Red Sox's Quintana breaks arm in auto crash

BASEBALL NOTES

February 25, 1992

Boston Red Sox first baseman Carlos Quintana, whose four-wheel drive vehicle crashed into the side of a bridge Sunday, underwent five hours of surgery yesterday on his left arm at Hospital de Clinicas in Caracas, Venezuela, Monday.

Attending physician Javier Crespo called the surgery successful and estimated that Quintana could start rehabilitation in a month, but he did not specify when Quintana could start playing again.

Quintana was rushing two of his brothers to a hospital for treatment of gunshot wounds. There are conflicting reports as to whether the car was rear-ended by a bus or Quintana lost control and sideswiped another car.

Quintana's brothers reportedly were wounded during what is known in Venezuela as a carnival, a large party among acquaintances. The shootings occurred in Monperal, approximately 120 miles east of Caracas.

Roberto and Amando Quintana were shot in the hand and foot, respectively. According to family members, Quintana was asleep when his brothers phoned his home to ask for assistance.

The Red Sox are now in position to give Mo Vaughn the starting job at first base. "I like it," said manager Butch Hobson about the idea.

Meanwhile, Roger Clemens, a three-time Cy Young Award winner, is a training camp no-show. He did not call, but his agent, Alan Hendricks, called late in the day.

"The agent said he's working out and in great shape and will be here soon," general manager Lou Gorman said.

But Hobson also hinted that Jack Clark, who complained at one time last year about being only a designated hitter, will get a chance to play first in spring training.

* Continuing to forge stunning new economic ground, major-league baseball clubs will pay more than 40 percent of their players $1 million or more this year. Barring trades, the New York Yankees will have the greatest number of those players, 16.

With the salary-arbitration season completed and only lower-paid players left to be signed, 273 players are set to earn $1 million or more in 1992, a 21 percent increase from the 226 who were in that position at the close of salary arbitration a year ago.

Based on a total of 650 players on the 26 Opening Day rosters (although a few of the millionaires will open on the disabled list), 42 percentwill earn $1 million or more.

* YANKEES: Daniel R. McCarthy reversed course and had his lawyer tell Fay Vincent that he would meet with the commissioner next week to discuss his nomination as managing general partner.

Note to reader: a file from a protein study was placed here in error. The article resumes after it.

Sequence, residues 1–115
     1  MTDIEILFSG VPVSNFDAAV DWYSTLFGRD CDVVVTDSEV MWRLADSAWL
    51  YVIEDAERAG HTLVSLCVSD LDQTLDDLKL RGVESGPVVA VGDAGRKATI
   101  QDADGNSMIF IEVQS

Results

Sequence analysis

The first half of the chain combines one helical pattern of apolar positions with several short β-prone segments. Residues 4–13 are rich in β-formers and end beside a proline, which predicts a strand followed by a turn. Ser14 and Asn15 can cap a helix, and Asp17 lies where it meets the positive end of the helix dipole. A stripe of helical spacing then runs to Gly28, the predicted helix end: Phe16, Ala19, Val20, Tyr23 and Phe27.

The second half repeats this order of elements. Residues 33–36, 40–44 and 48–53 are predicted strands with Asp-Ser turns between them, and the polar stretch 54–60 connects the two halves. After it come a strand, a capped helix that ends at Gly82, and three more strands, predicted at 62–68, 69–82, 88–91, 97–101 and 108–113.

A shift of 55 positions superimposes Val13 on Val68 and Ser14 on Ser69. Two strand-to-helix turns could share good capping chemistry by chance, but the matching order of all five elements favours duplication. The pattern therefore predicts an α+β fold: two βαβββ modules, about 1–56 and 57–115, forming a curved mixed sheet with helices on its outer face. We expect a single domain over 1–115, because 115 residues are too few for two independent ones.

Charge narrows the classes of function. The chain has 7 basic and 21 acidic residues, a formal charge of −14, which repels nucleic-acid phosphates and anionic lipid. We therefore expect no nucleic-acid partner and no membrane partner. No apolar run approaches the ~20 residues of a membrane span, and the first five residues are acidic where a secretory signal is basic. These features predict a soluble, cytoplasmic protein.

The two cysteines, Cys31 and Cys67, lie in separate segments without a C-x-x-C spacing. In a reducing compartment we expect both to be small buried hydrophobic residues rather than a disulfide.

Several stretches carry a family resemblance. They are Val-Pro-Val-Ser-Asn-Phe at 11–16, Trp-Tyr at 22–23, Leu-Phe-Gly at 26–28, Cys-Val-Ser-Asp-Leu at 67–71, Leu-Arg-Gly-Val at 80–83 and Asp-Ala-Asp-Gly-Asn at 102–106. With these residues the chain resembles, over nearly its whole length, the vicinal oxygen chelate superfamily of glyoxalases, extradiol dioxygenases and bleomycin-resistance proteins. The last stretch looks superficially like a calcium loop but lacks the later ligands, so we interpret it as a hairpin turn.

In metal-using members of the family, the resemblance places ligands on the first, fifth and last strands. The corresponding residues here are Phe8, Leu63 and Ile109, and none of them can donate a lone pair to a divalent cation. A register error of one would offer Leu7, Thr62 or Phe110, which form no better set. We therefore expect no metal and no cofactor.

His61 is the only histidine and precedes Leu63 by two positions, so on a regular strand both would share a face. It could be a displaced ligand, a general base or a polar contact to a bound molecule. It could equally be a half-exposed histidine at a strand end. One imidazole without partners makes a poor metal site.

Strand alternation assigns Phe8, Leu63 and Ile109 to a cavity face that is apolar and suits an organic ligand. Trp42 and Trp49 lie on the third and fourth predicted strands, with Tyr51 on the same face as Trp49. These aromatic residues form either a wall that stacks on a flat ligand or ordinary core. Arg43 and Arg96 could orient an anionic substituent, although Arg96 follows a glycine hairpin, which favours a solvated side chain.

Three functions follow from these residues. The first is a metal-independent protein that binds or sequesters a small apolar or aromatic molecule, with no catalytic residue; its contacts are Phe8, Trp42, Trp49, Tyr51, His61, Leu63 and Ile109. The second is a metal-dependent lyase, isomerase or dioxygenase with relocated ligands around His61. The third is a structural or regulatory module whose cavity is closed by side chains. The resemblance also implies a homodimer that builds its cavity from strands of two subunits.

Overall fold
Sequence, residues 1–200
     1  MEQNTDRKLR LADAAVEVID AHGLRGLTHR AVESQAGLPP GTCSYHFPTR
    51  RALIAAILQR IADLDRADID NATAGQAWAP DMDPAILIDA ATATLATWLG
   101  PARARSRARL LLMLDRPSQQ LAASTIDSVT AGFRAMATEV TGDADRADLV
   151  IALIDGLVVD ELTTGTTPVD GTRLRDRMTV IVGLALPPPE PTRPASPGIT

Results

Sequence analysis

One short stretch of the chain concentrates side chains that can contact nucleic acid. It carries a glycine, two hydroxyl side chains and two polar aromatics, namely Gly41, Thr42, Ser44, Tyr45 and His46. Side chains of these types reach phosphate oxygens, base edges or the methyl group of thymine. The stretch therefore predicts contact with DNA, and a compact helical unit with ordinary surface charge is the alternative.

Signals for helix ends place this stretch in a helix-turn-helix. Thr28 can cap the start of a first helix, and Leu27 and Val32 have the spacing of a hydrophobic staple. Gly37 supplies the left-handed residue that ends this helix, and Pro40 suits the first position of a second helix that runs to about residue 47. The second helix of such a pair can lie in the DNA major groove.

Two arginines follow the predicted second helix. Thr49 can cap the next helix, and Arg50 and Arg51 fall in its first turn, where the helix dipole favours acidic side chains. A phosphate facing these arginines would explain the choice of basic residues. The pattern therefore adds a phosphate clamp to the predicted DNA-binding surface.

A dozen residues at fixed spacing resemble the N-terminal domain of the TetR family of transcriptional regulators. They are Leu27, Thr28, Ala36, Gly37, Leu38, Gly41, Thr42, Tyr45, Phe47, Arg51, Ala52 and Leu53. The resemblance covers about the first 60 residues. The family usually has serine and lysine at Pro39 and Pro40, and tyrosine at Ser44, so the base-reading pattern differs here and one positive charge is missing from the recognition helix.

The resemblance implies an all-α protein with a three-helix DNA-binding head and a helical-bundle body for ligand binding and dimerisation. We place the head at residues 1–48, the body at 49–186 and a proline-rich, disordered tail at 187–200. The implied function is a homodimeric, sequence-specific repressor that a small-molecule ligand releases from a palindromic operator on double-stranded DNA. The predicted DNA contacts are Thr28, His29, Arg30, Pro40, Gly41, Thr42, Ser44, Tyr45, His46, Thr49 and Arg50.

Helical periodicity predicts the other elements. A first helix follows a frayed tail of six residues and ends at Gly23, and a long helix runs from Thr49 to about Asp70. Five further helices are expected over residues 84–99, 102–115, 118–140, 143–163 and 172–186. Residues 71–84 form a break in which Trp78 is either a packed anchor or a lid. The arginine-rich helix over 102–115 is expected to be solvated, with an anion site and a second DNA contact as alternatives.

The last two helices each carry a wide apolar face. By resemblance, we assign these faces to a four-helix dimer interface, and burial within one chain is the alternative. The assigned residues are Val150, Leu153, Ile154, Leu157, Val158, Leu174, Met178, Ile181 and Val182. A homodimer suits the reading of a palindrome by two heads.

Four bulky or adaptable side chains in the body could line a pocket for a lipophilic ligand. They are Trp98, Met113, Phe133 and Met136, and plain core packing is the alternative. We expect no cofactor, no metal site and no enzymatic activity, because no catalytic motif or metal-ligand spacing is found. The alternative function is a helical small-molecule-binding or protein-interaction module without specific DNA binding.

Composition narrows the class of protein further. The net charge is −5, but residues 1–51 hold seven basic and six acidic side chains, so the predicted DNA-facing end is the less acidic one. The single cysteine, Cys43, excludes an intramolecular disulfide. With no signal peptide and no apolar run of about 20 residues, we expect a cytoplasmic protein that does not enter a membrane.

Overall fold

McCarthy, a Cleveland-area tax lawyer proposed to succeed Robert Nederlander, refused to meet with Vincent on Friday. The commissioner then gave McCarthy until the close of business yesterday to reverse course and threatened to reject the nomination unless McCarthy changed his mind.

Meanwhile, the shake-up in the Yankees' front office continued as Joseph Molloy, the 30-year-old son-in-law of principal owner George Steinbrenner, was given the additional title of chief administrative officer. Molloy, a possible future managing general partner, already is a team vice president.

* TWINS: Minnesota is wearing new T-shirts this spring, but the message on them is only somewhat original.

"Work Harder, Play Harder" say the shirts, which awaited each player of the defending champions.

A year ago, the team's T-shirt slogan was "Work Hard, Play Hard."

* ASTROS: Owner John McMullen, stung by criticism from major-league officials and players, wishes he would have blocked the Republican Party from holding its convention this summer at the Astrodome.

"Looking back, I wish I had told them to go to hell," McMullen said. "Why not? All the agony I was put through -- the adverse criticism, I got arbitrated [by baseball's players association], I got criticized by everybody in the league, and it was all instigated by the press in Houston."

McMullen bowed to requests from local officials that the Astrodome be available for the Aug. 17-20 Republican convention. But the party's request that the dome be available three weeks in advance of that means the Astros will be on a record 28-day, 26-game road trip.

* PHILLIES: Manager Jim Fregosi again benched Darren Daulton during practice, saying he wanted to save the catcher for the coming season.

"I just don't want Darren to do a lot of catching down here," Fregosi said. "I'm more interested in him catching 140 games during the season."

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